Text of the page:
Clear Lake is fed by snow and rain run-off that passes through miles of volcanic rock generally from the Sand Mountain Alignment located due east of the lake. The natural filtered water coming into the lake is virtually pure. And, being a few degrees above freezing, it doesn't harbor much in the way of algae.
My journey with Clear Lake begins with a hike around to the northeast end of the lake where the trail brings you to a remarkable treasure called The Great Spring.
Great Spring is where amazingly clear and extremely cold water emerges out of the rocks. Great Spring is the source of the McKenzie River. The pool looks just as clear and blue as the Caribbean waters, but incredibally much colder! The temperature of the water hovers just above freezing with an average of 34 to 39 degrees year round.
The Great Spring lies a few hundred feet due east of Clear Lake. The waters quietly emerge through the pouris volcanic rock and trickles a short distance into the lake. It is said that for the water to journey from the surface near the Sand Mountain Alignment landscape to the Great Spring, it can take anywhere from 2 to 10 years to filter from one end to the other. That means the water I was touching that day, fell as snow or rain up to 10 years prior to me being there...wow! Such a time frame is hard for me to comprehend.
(This is Sand Mountain from the west shore of Clear Lake.)
To help understand this phenomenon, I contacted Bart Wills, a geologist with the Deschutes National Forest. He explained that the more dissolved minerals the water picks up while filtering under ground can determine the time-frame in which the water has taken to get from a point (A) to a point (B).
(There is a more complicated scientific answer, but for the sake of this blog, I am able to accept the simple mineral content explanation from Bart Wills.)
I then asked Mr. Wills, "So if record rains fell on Sand Mountain today, will it take at least two years for the water to "flood" out of the Great Spring?"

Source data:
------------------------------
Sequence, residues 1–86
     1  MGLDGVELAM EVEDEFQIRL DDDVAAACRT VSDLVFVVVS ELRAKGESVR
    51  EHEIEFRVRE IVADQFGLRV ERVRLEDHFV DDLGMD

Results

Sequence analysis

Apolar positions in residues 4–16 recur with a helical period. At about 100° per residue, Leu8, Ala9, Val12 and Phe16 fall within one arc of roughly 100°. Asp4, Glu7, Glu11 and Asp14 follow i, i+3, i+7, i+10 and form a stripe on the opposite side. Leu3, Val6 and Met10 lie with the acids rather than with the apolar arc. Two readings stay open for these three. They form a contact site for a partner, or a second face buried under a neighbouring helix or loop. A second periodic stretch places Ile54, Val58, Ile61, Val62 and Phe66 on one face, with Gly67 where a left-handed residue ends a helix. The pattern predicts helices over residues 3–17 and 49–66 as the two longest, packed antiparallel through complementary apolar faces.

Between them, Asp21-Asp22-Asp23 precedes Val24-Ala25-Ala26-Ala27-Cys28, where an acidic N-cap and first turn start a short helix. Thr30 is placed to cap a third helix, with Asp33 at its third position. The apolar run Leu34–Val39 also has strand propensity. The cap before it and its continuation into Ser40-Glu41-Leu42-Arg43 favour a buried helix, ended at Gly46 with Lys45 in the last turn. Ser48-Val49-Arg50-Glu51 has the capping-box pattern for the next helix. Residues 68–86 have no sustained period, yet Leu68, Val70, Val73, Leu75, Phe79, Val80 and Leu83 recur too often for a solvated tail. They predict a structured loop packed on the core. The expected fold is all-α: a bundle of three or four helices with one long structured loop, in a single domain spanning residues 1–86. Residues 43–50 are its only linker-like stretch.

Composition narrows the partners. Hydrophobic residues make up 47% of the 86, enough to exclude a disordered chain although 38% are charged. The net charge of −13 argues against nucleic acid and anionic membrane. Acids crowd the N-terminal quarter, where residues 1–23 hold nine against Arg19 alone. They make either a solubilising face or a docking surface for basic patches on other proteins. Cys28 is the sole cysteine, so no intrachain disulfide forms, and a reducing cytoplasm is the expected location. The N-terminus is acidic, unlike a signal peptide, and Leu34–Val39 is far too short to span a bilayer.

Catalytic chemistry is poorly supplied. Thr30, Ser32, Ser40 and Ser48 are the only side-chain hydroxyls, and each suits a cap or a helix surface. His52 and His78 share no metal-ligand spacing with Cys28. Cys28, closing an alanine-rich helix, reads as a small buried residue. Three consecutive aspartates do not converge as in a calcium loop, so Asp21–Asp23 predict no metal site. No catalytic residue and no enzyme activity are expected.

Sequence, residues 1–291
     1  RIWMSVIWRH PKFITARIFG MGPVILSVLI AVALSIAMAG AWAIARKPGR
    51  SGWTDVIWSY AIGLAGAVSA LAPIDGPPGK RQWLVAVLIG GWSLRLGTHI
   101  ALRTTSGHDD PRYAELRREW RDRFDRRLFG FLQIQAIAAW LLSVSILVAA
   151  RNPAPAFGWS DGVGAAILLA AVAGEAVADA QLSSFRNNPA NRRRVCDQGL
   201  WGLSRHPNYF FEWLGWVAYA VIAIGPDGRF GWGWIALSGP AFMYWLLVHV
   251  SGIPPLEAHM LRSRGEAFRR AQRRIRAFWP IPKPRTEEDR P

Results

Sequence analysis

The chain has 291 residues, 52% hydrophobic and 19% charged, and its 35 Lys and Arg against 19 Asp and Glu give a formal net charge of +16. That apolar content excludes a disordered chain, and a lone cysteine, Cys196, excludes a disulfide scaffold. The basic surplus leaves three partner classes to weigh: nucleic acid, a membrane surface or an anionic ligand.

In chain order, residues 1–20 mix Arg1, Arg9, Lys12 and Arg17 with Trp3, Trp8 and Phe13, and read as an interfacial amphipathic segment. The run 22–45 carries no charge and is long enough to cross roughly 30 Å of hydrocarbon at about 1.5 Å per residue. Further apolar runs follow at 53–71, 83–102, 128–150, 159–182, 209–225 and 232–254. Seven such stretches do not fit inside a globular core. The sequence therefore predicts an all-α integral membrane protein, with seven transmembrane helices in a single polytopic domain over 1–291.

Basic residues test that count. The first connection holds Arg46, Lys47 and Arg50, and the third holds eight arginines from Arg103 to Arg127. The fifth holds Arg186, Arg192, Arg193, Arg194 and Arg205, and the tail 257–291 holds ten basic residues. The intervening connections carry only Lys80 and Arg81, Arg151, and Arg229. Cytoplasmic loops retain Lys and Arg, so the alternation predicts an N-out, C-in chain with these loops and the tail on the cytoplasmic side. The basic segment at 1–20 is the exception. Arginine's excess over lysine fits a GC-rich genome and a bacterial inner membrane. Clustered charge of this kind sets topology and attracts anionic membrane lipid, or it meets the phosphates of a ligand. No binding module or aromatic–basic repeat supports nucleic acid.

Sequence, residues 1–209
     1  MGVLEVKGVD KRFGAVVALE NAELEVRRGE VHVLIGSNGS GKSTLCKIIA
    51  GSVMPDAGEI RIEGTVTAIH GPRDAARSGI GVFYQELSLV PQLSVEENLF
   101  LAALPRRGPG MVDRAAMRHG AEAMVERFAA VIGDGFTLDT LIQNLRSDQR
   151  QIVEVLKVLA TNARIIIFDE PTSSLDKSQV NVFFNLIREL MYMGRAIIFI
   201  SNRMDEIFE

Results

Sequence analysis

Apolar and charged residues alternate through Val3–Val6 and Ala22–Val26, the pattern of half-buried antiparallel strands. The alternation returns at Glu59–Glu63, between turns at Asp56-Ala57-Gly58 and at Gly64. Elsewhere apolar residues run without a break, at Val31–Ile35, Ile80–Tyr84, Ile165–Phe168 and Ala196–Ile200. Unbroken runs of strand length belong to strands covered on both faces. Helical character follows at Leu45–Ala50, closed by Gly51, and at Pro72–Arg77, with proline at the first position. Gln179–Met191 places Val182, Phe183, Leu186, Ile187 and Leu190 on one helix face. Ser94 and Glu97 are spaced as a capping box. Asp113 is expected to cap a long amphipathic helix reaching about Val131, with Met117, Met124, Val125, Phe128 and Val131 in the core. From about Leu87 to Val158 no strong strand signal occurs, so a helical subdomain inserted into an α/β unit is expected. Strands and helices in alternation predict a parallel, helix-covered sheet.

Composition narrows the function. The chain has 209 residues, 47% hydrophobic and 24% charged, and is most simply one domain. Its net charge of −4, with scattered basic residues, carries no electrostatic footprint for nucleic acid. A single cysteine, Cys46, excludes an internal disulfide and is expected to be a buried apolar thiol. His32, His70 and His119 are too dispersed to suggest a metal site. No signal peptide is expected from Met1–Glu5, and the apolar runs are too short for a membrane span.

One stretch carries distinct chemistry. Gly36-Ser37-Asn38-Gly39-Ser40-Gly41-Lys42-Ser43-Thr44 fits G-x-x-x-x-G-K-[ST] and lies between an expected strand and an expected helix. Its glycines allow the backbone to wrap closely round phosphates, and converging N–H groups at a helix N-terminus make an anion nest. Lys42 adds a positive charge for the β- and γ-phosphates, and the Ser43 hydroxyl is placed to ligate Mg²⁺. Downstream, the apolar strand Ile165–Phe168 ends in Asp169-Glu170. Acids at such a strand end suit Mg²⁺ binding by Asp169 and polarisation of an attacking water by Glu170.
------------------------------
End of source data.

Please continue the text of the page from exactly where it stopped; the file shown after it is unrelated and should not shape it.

Again, Mr. Wills answer, I liked. He explained that the law of gravity does not apply to water when underground. Record rains can fall and the excess water will filter through and fill aquifers, but a rush of water is not likely to happen at the springs exit, much like you cannot force more water through a straw than what the straw can handle. The "flooded" aquifer will find additional exits through cracks in the earth and the excess water will exit from "seasonal" springs throughout the region.
Clear Lake was formed when lava flows from the Belknap Crater and Sand Mountain Alignment blocked the nearby streams. A lake was born.
Clear Lake is constantly fed from the Great Spring. Other streams enter the lake, but dry up during the summer.
Oregon has an astonishing eleven lakes with the name "Clear Lake," But there is no question as to which lake lives up to the name.
Clear Lake has an average depth of 526 feet and the deepest spot being 1,240 feet. The trail around the lake is just over 5 miles.
The waters of the lake are so clear, it is hard to dicipher where the water ends and land begins. In the photo above, the log is half in and half out of the water.
The lake trail winds you through sloped lava flows with many lake vista's and volcanic structures.